Tracking Functional Status Across the Spinal Cord Injury Lifespan: Linking Pediatric and Adult Patient-Reported Outcome Scores



      To use item response theory (IRT) methods to link scores from 2 recently developed contemporary functional outcome measures, the adult Spinal Cord Injury–Functional Index (SCI-FI) and the Pedi SCI (both the parent version and the child version).


      Secondary data analysis of the physical functioning items of the adult SCI-FI and the Pedi SCI instruments. We used a nonequivalent group design with items common to both instruments and the Stocking-Lord method for the linking. Linking was conducted so that the adult SCI-FI and Pedi SCI scaled scores could be compared.




      This study included a total sample of 1558 participants. Pedi SCI items were administered to a sample of children (n=381) with SCI aged 8 to 21 years, and of parents/caregivers (n=322) of children with SCI aged 4 to 21 years. Adult SCI-FI items were administered to a sample of adults (n=855) with SCI aged 18 to 92 years.


      Not applicable.

      Main Outcome Measures

      Five scales common to both instruments were included in the analysis: Wheelchair, Daily Routine/Self-care, Daily Routine/Fine Motor, Ambulation, and General Mobility functioning.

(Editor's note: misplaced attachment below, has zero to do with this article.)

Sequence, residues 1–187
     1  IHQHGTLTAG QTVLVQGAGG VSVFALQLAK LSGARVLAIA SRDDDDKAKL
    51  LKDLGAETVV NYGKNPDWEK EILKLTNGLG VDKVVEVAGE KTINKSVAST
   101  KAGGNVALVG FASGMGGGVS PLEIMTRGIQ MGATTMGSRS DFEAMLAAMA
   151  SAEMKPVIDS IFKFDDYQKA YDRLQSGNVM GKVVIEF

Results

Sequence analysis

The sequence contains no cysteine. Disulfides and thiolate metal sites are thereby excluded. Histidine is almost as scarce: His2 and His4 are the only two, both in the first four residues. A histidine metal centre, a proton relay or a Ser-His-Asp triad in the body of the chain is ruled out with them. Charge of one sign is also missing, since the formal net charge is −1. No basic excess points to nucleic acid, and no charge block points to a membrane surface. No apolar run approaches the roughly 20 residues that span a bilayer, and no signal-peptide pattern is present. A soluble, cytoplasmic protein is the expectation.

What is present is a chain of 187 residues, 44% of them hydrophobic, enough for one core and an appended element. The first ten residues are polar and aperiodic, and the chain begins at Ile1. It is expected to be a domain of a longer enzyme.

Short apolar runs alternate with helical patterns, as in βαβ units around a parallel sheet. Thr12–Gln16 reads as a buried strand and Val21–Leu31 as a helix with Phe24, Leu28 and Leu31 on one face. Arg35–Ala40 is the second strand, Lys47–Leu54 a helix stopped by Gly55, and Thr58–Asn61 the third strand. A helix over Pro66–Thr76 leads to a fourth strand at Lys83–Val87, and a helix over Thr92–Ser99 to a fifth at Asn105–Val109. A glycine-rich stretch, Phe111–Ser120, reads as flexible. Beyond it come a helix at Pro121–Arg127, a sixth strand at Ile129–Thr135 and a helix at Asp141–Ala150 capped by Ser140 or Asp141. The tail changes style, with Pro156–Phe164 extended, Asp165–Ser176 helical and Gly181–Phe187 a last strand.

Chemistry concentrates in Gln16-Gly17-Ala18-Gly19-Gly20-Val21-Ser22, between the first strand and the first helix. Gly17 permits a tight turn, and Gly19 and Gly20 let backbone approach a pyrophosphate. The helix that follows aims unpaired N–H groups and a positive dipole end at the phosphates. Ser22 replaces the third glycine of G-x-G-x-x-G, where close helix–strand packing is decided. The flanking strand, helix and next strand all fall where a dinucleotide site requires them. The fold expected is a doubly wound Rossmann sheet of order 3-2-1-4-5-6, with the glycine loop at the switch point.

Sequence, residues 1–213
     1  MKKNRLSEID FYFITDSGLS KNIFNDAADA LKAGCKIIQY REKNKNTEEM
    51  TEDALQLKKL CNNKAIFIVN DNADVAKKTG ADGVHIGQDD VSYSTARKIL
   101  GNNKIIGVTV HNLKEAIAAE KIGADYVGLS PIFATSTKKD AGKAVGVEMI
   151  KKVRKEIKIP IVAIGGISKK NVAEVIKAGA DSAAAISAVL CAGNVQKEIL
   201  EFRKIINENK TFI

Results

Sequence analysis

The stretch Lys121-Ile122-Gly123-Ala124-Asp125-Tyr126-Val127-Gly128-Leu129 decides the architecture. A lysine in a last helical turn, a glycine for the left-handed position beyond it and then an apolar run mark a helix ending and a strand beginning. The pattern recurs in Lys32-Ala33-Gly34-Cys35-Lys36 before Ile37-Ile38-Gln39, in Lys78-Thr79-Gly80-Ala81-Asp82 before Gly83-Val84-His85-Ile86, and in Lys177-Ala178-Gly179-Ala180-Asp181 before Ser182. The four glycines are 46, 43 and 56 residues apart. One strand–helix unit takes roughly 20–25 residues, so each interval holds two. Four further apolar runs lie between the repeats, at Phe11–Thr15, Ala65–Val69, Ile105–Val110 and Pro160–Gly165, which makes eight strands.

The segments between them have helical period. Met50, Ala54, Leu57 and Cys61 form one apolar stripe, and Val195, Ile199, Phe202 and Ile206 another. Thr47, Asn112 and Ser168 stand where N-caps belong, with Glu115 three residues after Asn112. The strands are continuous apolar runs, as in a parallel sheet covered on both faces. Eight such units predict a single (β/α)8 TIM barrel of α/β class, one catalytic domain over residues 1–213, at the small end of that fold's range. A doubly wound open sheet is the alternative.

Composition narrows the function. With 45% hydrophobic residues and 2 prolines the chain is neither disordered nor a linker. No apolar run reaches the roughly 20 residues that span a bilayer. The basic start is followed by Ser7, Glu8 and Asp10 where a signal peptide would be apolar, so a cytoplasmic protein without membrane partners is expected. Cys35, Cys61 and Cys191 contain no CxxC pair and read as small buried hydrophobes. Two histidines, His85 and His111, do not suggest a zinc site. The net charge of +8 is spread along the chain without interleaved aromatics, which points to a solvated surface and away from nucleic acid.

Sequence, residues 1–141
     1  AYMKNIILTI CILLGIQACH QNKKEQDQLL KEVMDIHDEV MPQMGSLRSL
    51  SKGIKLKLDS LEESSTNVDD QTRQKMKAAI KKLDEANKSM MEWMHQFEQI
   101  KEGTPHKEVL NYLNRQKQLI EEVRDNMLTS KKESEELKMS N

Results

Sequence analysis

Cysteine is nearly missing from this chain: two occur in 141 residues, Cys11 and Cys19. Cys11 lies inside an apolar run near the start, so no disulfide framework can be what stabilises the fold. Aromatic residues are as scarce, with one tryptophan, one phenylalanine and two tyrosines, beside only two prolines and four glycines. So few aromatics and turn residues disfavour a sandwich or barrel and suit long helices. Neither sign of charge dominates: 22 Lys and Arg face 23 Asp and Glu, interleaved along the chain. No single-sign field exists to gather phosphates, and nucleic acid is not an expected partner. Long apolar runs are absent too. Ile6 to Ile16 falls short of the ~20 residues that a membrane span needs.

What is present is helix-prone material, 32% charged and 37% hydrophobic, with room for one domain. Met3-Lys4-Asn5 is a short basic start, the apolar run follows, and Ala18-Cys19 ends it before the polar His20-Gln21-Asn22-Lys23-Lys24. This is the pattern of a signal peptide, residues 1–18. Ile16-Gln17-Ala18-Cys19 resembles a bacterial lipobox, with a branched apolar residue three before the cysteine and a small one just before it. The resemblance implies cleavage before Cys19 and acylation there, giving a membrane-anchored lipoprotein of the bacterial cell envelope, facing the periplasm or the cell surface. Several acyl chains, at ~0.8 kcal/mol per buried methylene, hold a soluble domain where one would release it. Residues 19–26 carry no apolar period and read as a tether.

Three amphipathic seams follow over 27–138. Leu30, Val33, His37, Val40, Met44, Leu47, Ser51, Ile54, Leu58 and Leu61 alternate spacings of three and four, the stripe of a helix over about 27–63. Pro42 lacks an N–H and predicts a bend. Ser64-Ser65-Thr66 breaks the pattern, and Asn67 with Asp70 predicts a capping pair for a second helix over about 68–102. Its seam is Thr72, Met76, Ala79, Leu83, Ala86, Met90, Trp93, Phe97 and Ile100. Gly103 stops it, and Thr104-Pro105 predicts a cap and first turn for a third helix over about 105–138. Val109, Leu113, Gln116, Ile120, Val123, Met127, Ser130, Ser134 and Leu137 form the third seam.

Confirmatory factor analysis and exploratory factor analysis results indicated that the 5 scales are unidimensional. A graded response model was used to calibrate the items. Misfitting items were identified and removed from the item banks. Items that function differently between the adult and child samples (ie, exhibit differential item functioning) were identified and removed from the common items used for linking. Domain scores from the Pedi SCI instruments were transformed onto the adult SCI-FI metric.


      This IRT linking allowed estimation of adult SCI-FI scale scores based on Pedi SCI scale scores and vice versa; therefore, it provides clinicians with a means of tracking long-term functional data for children with an SCI across their entire lifespan.


      List of abbreviations:

      CFA (confirmatory factor analysis), CFI (comparative fit index), DIF (differential item functioning), EFA (exploratory factor analysis), IRT (item response theory), ISNCSCI (International Standards for Neurological Classification of Spinal Cord Injury), MDS (minimal data set), PRO (patient-reported outcome), SCI (spinal cord injury), SCI-FI (Spinal Cord Injury–Functional Index), TLI (Tucker-Lewis index)